1. When I was enormously pregnant (8 months+) with T, I got a chai at my local Starbucks after waiting in line for a long time. As luck (and my clumsiness) would have it, I got out the door and immediately dropped it all over myself and the sidewalk. I went back in to figure out how to clean it up, and they remade my drink for FREE. *swoon*

2.  At one location, they tell me when I order my drink that I should order it as steamed milk with flavoring, so it's cheaper. They've "fixed" my order for me every time I go there.  Too bad it's not my regular shop!  Shout out to the Redmond Ridge QFC Starbucks.

Howard Schultz's books have been on my reading list for ages. Maybe it's time for me to download one now!

Monday, February 18, 2013

Project Life 2013: They Made Me Do It

I'm taking a class at our local craft store, and each month they give us a sample of a new papercrafting line.  We need to make a project with it and bring it to the next class to get the next kit.  I'm a sucker for new craft supplies, so it's the perfect arrangement to get me to actually *use* them.

In January we got a few papers and a sheet of stickers from the lovely Valentine-themed My Minds Eye Lost & Found 3 "Ruby" collection. It's very girly, and a bit vintage-y which is *so* not my style.  But I love the colors, especially the deep orangey-pink, red, and charcoal together.  And the red glittery flowers won me over, as I'm not usually a floral paper kind of girl.

Click photos to see the larger versions.

Jan 28-Feb 10: Cupcakes for breakfast, baby faces

Jan 28-Feb 10: Walking to school, art projects, Science Center, the Symphony

Closeup of week summary title card

Flip up Valentine card insert  - gotta love washi tape
Since I already had the paper and stickers chosen, it was pretty easy to put this together.  I found a pack of these amazing sticky enamel dots in my stash (I'm a bit of a hoarder) that matched perfectly.  I also used the cute Freckled Fawn red woodgrain heart washi tape and a few wood veneer geotags and arrows from recent Studio Calico kits.

I sort all my embellishments by color in little drawers (yes, really) so I pulled out a few older things to use so that it didn't look super matchy-matchy. There's a tiny pink metal "sweet" tag from Making Memories that I've been hoarding for years, as well as a recent clearance rack find, the red pearl flourishy thing.  

It made me inordinately happy to use the journal card in the last photo - it's been in my stash for ages, and I've tried to use it several times until I realize the teeny tiny writing on the heart includes the words "Valentine's Day".  So I can't use it on any old layout, because it'll drive me crazy. I was thrilled to have a legitimate reason.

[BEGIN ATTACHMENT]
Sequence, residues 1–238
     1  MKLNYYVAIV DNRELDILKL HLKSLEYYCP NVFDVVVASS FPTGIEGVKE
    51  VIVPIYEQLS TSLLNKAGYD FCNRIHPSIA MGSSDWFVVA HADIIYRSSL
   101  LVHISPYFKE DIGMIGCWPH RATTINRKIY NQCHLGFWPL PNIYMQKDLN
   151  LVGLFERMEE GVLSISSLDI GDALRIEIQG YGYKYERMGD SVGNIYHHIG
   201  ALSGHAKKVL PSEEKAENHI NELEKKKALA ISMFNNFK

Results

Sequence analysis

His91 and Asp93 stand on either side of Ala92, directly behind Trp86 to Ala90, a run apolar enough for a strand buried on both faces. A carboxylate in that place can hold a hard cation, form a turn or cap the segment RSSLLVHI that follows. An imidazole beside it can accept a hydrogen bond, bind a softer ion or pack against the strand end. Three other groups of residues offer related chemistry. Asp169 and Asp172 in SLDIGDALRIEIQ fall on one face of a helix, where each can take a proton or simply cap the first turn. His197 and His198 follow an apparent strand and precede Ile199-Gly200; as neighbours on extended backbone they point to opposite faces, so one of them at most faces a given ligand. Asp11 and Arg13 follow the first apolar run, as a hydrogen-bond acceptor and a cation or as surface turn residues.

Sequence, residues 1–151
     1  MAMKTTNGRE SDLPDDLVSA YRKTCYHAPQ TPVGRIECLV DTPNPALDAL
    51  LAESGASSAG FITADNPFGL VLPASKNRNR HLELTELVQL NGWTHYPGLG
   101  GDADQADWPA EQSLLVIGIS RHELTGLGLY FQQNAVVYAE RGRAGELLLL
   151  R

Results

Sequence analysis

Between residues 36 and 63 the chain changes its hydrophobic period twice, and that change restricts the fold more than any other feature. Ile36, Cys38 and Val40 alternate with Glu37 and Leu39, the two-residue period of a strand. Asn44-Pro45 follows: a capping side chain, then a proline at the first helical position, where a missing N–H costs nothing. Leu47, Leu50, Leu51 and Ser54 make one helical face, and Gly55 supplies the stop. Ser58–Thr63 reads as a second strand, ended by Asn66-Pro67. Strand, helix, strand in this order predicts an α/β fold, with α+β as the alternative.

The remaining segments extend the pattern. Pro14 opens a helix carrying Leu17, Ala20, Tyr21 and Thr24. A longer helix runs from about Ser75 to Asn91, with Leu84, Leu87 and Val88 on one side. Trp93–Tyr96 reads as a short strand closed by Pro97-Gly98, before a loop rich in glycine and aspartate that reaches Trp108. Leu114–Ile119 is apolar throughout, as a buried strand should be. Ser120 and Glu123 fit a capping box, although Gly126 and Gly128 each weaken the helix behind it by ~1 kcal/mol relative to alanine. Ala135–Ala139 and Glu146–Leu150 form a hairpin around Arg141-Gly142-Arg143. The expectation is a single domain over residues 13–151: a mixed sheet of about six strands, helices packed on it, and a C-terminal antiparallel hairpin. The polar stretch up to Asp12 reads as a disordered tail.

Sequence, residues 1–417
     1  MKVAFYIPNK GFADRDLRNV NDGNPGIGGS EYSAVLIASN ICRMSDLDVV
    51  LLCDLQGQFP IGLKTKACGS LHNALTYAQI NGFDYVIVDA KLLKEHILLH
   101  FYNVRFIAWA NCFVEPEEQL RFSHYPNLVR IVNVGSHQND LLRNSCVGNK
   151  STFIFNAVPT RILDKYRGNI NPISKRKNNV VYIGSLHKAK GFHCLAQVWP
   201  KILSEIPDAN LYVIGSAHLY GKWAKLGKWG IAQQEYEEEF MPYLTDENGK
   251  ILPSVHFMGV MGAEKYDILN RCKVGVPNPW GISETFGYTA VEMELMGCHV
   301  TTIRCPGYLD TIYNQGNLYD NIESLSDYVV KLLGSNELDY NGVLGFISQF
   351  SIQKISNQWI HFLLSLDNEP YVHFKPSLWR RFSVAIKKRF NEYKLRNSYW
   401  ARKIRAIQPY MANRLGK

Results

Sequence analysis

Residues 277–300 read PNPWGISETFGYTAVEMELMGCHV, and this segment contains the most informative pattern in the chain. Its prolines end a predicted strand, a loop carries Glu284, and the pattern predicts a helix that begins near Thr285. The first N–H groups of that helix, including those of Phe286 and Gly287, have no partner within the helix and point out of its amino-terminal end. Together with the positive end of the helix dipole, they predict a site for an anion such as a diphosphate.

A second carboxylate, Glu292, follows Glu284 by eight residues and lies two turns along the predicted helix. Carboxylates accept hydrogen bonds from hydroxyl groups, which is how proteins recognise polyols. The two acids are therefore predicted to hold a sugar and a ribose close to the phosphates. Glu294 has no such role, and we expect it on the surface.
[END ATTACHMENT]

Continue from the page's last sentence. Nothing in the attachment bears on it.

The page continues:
The Valentines T made have her glittery artwork on one side, and her name on the other.  Can you believe she wrote out 16 of those herself, and on 9 of them wrote her classmates' names on the envelope as well??  She amazes me with her new skills.

I wanted to show off both sides, so I taped the card to the outside of the page protector with washi tape and it flips up. After I took the photo, I realized I want to protect it a little more, so I found these really cool Flip Pockets in my stash and cut one up to add the Valentine, so now it's enclosed in its own tiny page protector which is stuck to the rest of the page.  I'll definitely use more of these for her little bits of two-sided artwork or extra photos!

These last few weeks have been busy and exciting for us. TJ is starting a new job next week so he's been preparing for that.  My maternity leave is coming to an end so we're trying to squeeze in some last minute fun things during the week while we're all still together.

And just like that, I'm back to being "caught up" on Project Life!

Project Life @ The Mom Creative

Monday, February 11, 2013

Project Life 2013: The Ides of January

Yeah, it's my second Project Life layout of the year and I'm already "behind".  My goal is to post the layout a week after the time period ends, to give me time to process my photos and gather all the details on what we did during those 2 weeks.

This time I ran into some technical and parenting difficulties.  First, our home network suddenly got ridiculously slow, so accessing photos over wireless through Adobe Lightroom was PAINFUL.  I'd click on one photo, go get a cup of tea, come back and it was still trying to load it.  We haven't yet figured out the issue - I believe part of it is Lightroom 4.3, but there's also something going on with our wireless network or our Windows Home Server.